The Third Sunday in Lent; Year B (3/8/2015)
Lessons:Exodus 20:1-17 Psalm 19 1st Corinthians 1:18-25 St. John 2:13-22
Prayer of the Day: Holy God, through your Son you have called us to live faithfully and act courageously. Keep us steadfast in your covenant of grace, and teach us the wisdom that comes only through Jesus Christ, our Savior and Lord, who lives and reigns with you and the Holy Spirit, one God, now and forever. Amen.
11:18 For the message about the cross is foolishness to those who are perishing, but to us who are being saved it is the power of God. 19 For it is written,
“I will destroy the wisdom of the wise, and the discernment of the discerning I will thwart.”
20 Where is the one who is wise? Where is the scribe? Where is the debater of this age? Has not God made foolish the wisdom of the world? 21 For since, in the wisdom of God, the world did not know God through wisdom, God decided, through the foolishness of our proclamation, to save those who believe. 22 For Jews demand signs and Greeks desire wisdom, 23 but we proclaim Christ crucified, a stumbling block to Jews and foolishness to Gentiles, 24 but to those who are the called, both Jews and Greeks, Christ the power of God and the wisdom of God. 25 For God’s foolishness is wiser than human wisdom, and God’s weakness is stronger than human strength.
1st Corinthians 1:18-25New Revised Version Bible (C)1989, Division of Christian Education of the National Council of the Churches of Christ in the United States of America.
For the message about the cross is foolishness to those who are perishing, but to us who are being saved it is the power of God… For God’s foolishness is wiser than human wisdom, and God’s weakness is stronger than human strength. 1st Corinthians 1:18, 25
These words, the first and last verses from this weekend’s second lesson, are nothing less than breathtaking.
The foolishness of the cross, and the weakness of God: on these two ideals we stake the very future of our lives. Or at least we are invited to do so, because this is both the most inspiring aspect of Christian faith, and one of the most difficult beliefs to embrace.
Our world, of course, is built on exactly the opposite premise. This was the case for the first century Corinthians as well. A great, thriving center of commerce and trade, the people of Corinth understood what made their world tick. Everybody knew who the “wise and discerning” business owners were in their community. They struck a hard bargain, they made a good profit, and they lived a luxurious life. So too, today. Those who are able to understand and put into practice “the wisdom of the world” can work within that wisdom to find economic, social and political success. Those who discern how to manage economic and social structures can work them to their own advantage. Get a good education. Determine what your gifts are. Connect with the right people. Work hard. Take advantage of every opportunity. Success will come your way. This is the way of the world, but much as we might twist the message of Scripture in service to this ideal, it is not the way of our God.
Instead, our God is one whose wisdom is seen in foolishness; whose power is seen in weakness. God has dwelt among us in the person of Jesus Nazareth, who was wiling to give his life on the cross that we might be put right with God, and who invites us to pick up our cross and follow him. The Apostle is right to note that the world thinks of this as foolishness, but to us who are being saved it is the power of God. Power hidden in weakness. Wisdom hidden in foolishness. A truth that is hard to see. A truth that is even harder to live. Yet a truth that leads to life eternal.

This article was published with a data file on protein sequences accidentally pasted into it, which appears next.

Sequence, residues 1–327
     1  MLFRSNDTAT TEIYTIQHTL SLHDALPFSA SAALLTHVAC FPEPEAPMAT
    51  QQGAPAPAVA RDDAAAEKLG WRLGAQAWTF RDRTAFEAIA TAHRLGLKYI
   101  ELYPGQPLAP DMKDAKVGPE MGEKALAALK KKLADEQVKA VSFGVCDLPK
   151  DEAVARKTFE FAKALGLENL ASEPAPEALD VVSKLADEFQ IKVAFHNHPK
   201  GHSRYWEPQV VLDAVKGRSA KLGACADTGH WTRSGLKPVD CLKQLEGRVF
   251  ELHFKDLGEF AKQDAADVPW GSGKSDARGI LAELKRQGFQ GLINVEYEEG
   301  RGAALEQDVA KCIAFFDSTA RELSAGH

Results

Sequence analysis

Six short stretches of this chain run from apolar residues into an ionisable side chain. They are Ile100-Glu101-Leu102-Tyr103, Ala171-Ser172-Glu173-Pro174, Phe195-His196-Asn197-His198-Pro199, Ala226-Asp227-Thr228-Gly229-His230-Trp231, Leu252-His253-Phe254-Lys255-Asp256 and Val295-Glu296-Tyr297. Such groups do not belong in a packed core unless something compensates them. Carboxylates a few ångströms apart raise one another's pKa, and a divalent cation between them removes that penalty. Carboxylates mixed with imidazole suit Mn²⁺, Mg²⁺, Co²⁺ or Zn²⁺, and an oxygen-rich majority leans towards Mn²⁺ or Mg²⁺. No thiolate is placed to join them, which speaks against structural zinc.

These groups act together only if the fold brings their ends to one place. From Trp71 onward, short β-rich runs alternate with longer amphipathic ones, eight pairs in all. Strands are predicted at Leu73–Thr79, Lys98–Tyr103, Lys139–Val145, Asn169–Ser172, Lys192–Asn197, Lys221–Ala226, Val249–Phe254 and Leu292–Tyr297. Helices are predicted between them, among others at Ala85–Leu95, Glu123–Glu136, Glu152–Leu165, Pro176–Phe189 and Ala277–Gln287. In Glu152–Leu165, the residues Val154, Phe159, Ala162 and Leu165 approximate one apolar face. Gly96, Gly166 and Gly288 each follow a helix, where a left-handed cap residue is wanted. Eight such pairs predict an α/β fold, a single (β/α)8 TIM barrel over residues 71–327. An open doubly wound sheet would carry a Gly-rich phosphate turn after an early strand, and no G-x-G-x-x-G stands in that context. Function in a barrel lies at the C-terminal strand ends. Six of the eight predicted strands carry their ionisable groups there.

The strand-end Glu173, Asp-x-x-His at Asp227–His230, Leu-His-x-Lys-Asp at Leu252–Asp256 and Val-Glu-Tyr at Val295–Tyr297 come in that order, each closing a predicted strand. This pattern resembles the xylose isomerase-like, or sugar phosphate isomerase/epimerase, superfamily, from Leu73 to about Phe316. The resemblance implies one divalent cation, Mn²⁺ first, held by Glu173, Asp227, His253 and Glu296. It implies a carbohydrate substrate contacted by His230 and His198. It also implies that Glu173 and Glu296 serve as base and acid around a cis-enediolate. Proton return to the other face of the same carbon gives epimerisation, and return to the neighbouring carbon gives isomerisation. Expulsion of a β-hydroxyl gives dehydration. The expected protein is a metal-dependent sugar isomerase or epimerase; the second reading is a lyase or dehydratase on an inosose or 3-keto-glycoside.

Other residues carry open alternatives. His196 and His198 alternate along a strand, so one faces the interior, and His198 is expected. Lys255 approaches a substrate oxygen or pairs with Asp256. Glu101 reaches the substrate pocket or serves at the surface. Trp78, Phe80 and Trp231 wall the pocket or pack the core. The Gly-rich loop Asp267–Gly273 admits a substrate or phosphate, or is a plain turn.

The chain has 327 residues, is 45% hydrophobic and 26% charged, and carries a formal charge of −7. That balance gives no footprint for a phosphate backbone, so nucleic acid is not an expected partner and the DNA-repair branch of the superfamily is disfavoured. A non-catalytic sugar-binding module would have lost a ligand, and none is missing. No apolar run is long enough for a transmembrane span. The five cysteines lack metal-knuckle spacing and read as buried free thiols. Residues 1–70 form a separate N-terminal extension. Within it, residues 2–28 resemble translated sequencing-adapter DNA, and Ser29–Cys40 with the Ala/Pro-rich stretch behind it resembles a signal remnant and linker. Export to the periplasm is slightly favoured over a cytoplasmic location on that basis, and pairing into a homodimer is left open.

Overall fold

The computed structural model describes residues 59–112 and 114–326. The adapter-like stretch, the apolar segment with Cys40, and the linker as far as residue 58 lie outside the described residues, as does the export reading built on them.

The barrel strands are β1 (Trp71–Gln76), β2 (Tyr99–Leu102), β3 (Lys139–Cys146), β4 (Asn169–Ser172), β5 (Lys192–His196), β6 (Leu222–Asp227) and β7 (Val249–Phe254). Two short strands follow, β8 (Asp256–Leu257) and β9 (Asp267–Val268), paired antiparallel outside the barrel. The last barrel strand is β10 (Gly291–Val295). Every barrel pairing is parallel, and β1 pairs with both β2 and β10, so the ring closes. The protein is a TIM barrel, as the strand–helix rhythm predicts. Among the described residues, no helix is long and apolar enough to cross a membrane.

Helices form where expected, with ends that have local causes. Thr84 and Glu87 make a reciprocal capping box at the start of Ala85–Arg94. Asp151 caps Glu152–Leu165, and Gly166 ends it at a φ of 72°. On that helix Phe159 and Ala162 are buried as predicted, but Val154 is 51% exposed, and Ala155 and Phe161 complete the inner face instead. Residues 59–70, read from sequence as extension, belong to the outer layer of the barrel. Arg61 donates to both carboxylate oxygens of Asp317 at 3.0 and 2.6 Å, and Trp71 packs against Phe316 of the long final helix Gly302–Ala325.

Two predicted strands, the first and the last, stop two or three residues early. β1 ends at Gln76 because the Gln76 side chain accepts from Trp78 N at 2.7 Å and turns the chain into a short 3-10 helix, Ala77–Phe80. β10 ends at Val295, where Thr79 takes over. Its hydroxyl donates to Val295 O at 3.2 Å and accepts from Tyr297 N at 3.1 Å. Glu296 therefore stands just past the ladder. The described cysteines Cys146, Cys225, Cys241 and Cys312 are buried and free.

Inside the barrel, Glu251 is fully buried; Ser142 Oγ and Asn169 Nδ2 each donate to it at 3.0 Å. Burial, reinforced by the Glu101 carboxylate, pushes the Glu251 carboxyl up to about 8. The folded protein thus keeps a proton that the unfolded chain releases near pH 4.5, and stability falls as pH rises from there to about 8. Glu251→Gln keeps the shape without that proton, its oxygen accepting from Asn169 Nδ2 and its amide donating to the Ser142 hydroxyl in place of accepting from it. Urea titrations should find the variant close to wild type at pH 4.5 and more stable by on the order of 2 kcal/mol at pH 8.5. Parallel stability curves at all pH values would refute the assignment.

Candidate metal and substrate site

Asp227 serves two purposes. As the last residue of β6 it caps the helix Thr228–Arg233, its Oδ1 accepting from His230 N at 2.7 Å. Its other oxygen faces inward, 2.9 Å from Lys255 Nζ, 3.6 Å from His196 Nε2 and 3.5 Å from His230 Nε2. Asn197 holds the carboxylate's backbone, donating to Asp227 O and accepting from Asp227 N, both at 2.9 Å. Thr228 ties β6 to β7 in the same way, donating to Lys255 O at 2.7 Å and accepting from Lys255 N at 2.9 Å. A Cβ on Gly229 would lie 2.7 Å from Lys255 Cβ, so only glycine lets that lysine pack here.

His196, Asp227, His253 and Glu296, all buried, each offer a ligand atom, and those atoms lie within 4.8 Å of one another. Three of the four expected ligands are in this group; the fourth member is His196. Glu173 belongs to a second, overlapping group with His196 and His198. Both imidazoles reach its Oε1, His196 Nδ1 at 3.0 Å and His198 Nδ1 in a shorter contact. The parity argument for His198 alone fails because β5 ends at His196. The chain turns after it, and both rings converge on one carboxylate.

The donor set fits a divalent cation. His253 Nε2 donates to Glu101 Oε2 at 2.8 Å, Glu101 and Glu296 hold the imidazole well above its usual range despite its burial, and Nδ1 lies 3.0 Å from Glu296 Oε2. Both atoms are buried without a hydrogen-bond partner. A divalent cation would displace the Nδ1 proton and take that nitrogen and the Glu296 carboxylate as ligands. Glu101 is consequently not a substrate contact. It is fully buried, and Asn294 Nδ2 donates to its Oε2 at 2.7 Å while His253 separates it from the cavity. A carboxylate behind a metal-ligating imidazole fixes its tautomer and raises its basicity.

As Hollywood has recently reminded us, on “Bloody Sunday” — March 7, 1965 — state troopers showed up on the Edmund Pettus Bridge outside Selma, Alabama, armed with billy clubs and tear gas. Their intent was for the power of the state to be on full display that day. But what the world remembers is the power of those who stood up against racism and injustice. Willing to give their lives if necessary, bloodied and beaten by law enforcement officers, their non-violent stand became a rallying cry for the civil rights movement. The weakness of their sacrifice proved stronger than the power of the state; the foolishness of their commitment overcame the wisdom of the culture; and the movement for civil rights and equality advanced.
Or rather, consider the words of Pope Francis. He has been a surprise to Christians and non-Christians alike, but we shouldn’t be so surprised. He is a man who knows Christ; a man who understands the Apostle Paul; a man who has seen time and time again that the foolishness of God is wiser than human wisdom; that the weakness of God is stronger than human strength.
When we walk without the cross, when we build without the cross and when we proclaim Christ without the cross, we are not disciples of the Lord. We are worldly. We may be bishops, priests, cardinals, popes, all of this, but we are not disciples of the Lord.
The most powerful reality there is can be found in the foolishness of the cross; in the weakness of God. May it also be found in us!
David J. Risendal, Pastor
Exploring This Week’s Gospel:
- How does Paul’s vision of faithfulness contrast with that of his day?
- What is inspiring about weakness and foolishness when we consider what God has done?
- How does this view of faith undergird the ministry Paul carried out?
Connecting with This Week’s Gospel:
- What about weakness or foolishness is displeasing to me?
- Have I ever known someone who modeled a power that comes from sacred weakness?
- In what ways might this Bible passage inform my own personal faithfulness?